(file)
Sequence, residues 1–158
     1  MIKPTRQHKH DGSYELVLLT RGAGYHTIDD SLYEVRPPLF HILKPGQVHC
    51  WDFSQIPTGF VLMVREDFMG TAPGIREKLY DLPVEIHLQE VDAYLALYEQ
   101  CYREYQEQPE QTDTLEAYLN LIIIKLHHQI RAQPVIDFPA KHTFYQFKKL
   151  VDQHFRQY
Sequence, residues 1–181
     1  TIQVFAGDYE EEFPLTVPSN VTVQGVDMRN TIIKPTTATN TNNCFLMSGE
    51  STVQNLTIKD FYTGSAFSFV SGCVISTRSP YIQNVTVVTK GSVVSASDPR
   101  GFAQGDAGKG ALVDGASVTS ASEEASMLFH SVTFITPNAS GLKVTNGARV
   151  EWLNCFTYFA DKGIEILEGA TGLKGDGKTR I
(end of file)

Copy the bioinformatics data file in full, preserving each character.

Sequence, residues 1–158
     1  MIKPTRQHKH DGSYELVLLT RGAGYHTIDD SLYEVRPPLF HILKPGQVHC
    51  WDFSQIPTGF VLMVREDFMG TAPGIREKLY DLPVEIHLQE VDAYLALYEQ
   101  CYREYQEQPE QTDTLEAYLN LIIIKLHHQI RAQPVIDFPA KHTFYQFKKL
   151  VDQHFRQY
Sequence, residues 1–181
     1  TIQVFAGDYE EEFPLTVPSN VTVQGVDMRN TIIKPTTATN TNNCFLMSGE
    51  STVQNLTIKD FYTGSAFSFV SGCVISTRSP YIQNVTVVTK GSVVSASDPR
   101  GFAQGDAGKG ALVDGASVTS ASEEASMLFH SVTFITPNAS GLKVTNGARV
   151  EWLNCFTYFA DKGIEILEGA TGLKGDGKTR I